Standing in the Buffer Zone

Clinic escorts, in orange, in front of a group of anti-abortion protestors outside a Planned Parenthood clinic. (AP Photo/Susan Walsh)

In MEL Magazine, merritt k has an interview with Jeff, a 30-year-old man from Indiana who’s volunteered as a Planned Parenthood clinic escort for almost a decade. Patients trying to access healthcare services at Planned Parenthood clinics are often forced to make their way through a vocal gauntlet of anti-choice protestors; escorts serve as both a physical and emotional buffer. And as Jeff notes, male escorts are particularly good at redirecting protestor ire.

They prefer to yell at dude escorts, which I guess is the best case scenario for everybody — they get it out on us. What you learn quickly is that they don’t have a lot of space for women’s agency in all the ways you’d expect. Like, when they yell stuff at me, it’s particularly targeted at how “men are supposed to protect women.” The idea that women have choices isn’t involved at all. Certainly that’s the case with patient guests too. Like if you’re a girl coming in with her boyfriend, they’ll usually target him and tell him that it’s his job to be a father. You see that kind of erasure of agency happening in real time in ways that are both strange and instructive.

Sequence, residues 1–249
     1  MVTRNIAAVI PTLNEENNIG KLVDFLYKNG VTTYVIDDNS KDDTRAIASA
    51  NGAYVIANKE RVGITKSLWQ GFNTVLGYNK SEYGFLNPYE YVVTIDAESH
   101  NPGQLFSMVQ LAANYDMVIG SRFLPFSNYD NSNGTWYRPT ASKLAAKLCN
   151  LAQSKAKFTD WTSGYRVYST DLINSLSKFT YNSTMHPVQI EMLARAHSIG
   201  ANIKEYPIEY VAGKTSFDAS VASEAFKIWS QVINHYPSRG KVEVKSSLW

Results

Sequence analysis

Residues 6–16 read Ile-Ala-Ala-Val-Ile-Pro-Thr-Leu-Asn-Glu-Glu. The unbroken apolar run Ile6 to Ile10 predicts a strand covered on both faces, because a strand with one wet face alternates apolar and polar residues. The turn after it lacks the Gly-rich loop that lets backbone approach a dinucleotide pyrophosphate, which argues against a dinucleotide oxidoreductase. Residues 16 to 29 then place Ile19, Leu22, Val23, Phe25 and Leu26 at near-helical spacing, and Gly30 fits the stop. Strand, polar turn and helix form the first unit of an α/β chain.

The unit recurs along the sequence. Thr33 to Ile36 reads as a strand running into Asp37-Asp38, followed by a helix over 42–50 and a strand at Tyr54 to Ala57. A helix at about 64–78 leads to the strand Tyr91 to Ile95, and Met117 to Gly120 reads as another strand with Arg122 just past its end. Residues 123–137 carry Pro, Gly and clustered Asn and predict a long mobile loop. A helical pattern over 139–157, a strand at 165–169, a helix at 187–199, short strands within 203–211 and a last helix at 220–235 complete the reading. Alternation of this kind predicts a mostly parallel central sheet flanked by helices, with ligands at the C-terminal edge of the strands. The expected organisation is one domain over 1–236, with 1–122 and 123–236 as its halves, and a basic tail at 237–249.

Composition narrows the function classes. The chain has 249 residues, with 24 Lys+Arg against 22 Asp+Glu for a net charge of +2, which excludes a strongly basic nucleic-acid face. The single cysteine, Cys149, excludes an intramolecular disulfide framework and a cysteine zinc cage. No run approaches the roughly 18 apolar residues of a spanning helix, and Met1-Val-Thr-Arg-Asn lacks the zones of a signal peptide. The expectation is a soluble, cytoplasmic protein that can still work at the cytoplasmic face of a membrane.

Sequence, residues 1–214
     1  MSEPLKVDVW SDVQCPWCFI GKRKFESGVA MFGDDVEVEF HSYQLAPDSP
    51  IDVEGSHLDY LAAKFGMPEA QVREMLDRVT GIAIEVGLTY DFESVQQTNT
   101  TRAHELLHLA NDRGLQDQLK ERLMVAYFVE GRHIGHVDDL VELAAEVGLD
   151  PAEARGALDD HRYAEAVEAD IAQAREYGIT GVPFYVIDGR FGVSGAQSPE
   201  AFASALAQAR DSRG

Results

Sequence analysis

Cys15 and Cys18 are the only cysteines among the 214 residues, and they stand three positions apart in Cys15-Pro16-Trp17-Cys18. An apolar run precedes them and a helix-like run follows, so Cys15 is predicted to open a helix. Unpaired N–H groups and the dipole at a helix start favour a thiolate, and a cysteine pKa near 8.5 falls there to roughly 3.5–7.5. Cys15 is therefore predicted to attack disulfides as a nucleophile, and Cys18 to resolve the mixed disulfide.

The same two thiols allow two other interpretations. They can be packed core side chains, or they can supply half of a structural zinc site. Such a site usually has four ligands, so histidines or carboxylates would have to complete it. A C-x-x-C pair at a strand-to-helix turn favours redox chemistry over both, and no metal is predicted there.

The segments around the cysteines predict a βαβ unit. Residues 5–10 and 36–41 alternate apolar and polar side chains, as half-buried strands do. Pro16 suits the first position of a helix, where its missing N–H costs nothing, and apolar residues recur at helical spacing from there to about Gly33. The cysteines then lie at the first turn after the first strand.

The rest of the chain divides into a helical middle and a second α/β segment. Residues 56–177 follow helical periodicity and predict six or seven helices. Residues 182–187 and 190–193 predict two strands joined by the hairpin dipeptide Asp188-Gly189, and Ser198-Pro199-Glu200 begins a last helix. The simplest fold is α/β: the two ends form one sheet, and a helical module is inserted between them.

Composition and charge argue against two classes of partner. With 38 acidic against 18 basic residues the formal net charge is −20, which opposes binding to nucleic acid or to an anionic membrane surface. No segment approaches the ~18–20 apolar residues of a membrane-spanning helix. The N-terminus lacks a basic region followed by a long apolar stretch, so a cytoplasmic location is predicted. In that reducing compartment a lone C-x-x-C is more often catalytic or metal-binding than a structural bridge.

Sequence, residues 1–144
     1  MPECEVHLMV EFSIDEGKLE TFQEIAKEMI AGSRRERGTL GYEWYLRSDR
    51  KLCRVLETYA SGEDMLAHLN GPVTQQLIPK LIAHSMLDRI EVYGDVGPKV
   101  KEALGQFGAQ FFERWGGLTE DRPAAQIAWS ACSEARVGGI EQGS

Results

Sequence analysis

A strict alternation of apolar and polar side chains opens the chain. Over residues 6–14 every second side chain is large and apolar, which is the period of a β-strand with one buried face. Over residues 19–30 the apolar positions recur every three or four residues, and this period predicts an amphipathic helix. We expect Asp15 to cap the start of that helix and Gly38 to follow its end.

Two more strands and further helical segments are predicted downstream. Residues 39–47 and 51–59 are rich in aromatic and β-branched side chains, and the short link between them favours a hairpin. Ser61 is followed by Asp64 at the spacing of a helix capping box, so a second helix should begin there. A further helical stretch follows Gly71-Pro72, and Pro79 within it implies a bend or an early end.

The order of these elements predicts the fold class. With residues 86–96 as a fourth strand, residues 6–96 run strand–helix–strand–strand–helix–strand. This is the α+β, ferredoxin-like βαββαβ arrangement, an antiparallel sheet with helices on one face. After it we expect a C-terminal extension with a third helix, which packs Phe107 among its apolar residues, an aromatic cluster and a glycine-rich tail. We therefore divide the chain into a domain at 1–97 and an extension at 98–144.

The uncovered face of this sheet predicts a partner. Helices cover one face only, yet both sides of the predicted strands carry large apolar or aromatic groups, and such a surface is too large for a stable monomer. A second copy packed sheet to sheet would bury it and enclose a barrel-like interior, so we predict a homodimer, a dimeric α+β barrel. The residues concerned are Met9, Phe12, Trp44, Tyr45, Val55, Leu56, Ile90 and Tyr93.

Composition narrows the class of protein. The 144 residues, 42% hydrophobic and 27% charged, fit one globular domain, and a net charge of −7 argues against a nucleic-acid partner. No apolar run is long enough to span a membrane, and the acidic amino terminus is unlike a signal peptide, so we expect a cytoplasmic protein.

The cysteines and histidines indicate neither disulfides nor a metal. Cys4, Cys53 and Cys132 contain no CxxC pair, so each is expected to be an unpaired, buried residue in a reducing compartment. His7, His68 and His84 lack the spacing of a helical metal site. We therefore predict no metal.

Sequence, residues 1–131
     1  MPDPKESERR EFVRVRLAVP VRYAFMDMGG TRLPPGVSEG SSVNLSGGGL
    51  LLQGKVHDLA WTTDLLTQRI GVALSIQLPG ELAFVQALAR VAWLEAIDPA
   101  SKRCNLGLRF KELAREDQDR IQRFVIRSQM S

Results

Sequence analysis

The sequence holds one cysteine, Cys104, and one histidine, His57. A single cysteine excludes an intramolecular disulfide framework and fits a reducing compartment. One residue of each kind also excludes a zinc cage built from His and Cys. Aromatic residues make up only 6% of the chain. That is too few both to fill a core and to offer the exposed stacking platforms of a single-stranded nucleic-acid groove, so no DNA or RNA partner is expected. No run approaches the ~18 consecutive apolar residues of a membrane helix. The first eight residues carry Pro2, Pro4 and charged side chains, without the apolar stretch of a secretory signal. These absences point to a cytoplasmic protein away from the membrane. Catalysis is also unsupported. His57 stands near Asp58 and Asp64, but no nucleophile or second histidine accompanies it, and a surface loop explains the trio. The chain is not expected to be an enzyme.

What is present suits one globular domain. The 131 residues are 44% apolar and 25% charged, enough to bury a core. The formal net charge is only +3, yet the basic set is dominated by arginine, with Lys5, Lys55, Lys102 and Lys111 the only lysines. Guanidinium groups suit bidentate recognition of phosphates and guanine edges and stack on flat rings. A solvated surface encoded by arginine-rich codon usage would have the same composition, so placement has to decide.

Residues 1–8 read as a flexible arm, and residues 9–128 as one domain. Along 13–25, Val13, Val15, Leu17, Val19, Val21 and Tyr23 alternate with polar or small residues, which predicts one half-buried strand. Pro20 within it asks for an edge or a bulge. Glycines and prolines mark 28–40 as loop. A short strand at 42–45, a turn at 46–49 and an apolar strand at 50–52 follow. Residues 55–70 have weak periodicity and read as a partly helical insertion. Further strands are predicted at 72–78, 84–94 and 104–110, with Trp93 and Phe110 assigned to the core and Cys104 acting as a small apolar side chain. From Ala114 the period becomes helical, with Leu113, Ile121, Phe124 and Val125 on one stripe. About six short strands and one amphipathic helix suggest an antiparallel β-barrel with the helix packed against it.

But it’s not all helping patients avoid the negative — Jeff is also able to offer some emotional labor to women who might have other sources of support.

But the other side of clinic escorting that I really like comes from interacting with patients or their guests. It’s just a hard day for some people, and sometimes people just want to go outside and smoke a cigarette and shoot the shit with somebody. There are times when people will disclose to you things about their lives or situations that are heavy and hard, but are born of that beautiful interaction you can have with someone where you know you’re probably never going to see them again. There’s an honesty that comes out of it that’s really cool. What you learn after a while is that on a day like that, people just need someone to vent to. Because all of this stuff has been so stigmatized that a lot of them don’t have people who aren’t going to judge them.

Read the interview